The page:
America's immigration crisis
The White House on Monday sought to explain President Trump's weekend tweet suggesting undocumented immigrants not be granted due process.
"Just because you don’t see a judge doesn’t mean you aren’t receiving due process," press secretary Sarah Sanders said during her briefing.
She said "virtually all Americans" agree that drawn-out court proceedings don't make sense for migrants that enter the country illegally.
She said the President wants "secure borders and a very legal and easy immigration process." She also said Trump "would certainly like to see more expedited removal."
President Trump told reporters Monday that he doesn't regret signing an executive order to end the practice of separating parents and children at the border.
"No, no. The executive order was great," Trump said. "It was something that I felt we had to do. We want children staying together."
The President insisted that he wanted to sign the order.
He said a report he was complaining about signing the order was "fake news" and went on to repeat his assertion that US immigration laws are flawed.
"They’re a disaster. The laws have to be changed," Trump said. "We want a system where people come in illegally they have to go out. A nice simple system that works."
Watch the moment:
A joint Department of Homeland Security team of law enforcement officers from the Federal Protective Service (FPS) and Immigration and Customs Enforcement (ICE) entered the federal building that houses Portland’s ICE field office overnight, FPS spokesperson Robert Sperling tells CNN.
The team gained access to the ICE field office at 3:30 a.m. PT to secure government equipment inside, according to Sperling.
Portland’s ICE field office has been temporarily closed since last week as protesters gathered and pitched tents outside the facility.
Sperling characterized the team currently inside the office as “fairly small in number.”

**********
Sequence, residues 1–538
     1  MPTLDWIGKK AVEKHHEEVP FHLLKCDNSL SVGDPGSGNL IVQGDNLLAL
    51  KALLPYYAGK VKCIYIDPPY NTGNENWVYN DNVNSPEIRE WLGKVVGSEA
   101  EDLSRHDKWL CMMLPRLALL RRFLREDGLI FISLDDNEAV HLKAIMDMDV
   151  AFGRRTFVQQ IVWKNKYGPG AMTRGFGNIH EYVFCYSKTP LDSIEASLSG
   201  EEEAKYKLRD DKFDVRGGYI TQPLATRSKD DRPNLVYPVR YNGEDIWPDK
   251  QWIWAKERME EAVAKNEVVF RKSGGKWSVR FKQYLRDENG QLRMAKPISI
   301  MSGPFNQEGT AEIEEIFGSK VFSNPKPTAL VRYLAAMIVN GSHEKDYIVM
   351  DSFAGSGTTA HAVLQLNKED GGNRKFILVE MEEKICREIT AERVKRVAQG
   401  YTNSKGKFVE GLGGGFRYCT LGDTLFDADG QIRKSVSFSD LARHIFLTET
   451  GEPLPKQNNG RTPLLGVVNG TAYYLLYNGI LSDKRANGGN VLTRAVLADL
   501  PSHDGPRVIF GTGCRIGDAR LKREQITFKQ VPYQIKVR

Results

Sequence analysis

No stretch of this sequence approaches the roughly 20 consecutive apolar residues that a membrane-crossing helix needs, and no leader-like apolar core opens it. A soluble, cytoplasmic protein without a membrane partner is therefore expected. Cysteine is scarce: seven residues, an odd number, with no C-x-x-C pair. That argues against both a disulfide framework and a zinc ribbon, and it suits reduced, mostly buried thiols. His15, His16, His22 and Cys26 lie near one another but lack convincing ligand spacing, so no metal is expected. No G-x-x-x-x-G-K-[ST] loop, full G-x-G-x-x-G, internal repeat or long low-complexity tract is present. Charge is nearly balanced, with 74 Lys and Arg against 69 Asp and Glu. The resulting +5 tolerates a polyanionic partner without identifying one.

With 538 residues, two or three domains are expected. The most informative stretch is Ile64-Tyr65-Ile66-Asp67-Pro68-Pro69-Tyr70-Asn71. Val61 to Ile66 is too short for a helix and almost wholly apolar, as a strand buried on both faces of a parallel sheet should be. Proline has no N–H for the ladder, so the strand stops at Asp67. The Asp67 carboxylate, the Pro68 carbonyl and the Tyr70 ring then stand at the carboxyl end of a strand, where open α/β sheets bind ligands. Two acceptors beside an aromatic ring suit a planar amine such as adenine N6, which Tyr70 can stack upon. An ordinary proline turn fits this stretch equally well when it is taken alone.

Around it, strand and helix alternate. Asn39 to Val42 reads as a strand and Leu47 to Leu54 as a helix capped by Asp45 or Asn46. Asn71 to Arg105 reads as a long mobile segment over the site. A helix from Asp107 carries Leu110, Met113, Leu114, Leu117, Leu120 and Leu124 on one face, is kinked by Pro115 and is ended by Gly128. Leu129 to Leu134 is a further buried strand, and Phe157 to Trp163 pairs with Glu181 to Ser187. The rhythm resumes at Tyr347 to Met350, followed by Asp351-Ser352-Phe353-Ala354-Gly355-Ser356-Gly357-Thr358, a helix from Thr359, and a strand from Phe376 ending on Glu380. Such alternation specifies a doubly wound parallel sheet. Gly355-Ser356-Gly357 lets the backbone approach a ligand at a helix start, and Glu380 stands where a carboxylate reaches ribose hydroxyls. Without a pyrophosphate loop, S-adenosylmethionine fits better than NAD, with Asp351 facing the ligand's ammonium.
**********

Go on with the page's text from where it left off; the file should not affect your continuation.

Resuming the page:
Attorney General Jeff Sessions just doubled down on the administration’s zero-tolerance immigration policy in a speech to school resource officers in Reno on Monday, while also tempering his rhetoric with a nod to the backlash over the separating of parents and children at the border.
“We’re going to continue to prosecute those adults who enter here illegally," he said, before adding, "We’re going to do everything in our power however to avoid separating families."
CNN's Leyla Santiago is reporting from Tijuana, Mexico, near the port of entry into the US — the place where immigrants can legally enter the US.
Since Trump signed an executive order last week ending family separations, some families have decided to go ahead and cross into the US, Santiago reported.
I talked to quite a few people who tell me they were hesitating. They had reservations about getting back in this line. But once they heard that President Trump signed the executive order saying child separation — or family separations, rather — were no longer going to be a thing, they got back in that line.
An important note: Before the executive order, the Trump administration repeatedly said families would not be separated if they entered through a port of entry. But the American Civil Liberties Union and other advocacy organizations said last week that they have documented cases of parents who claimed asylum at ports of entry and then had their children taken away.
The rainbows and stars on the mother's handwritten letter belie her agony and fear.
"I love you, my boy. Be strong and fight, don't get sad," the letter reads. "God will protect you and we will be together soon."
But the truth is, the woman doesn't know when she and her son will be reunited. She doesn't even know where he is. It's been about two weeks since the mother, who doesn't want to be identified, was separated from her 7-year-old son near the US-Mexico border, attorney Eileen Blessinger said Sunday.
See the letter:
A group of demonstrators are currently holding a "Parents Everywhere Care" protest outside the central processing center in McAllen, Texas.
One man is holding a "FREE THEM" sign. Another donned a jacket similar to the one Melania Trump wore while departing Washington on her visit to a shelter housing unaccompanied children, except the protester's shirt reads, "I really do care."
This is one of the two planned protests we mentioned earlier.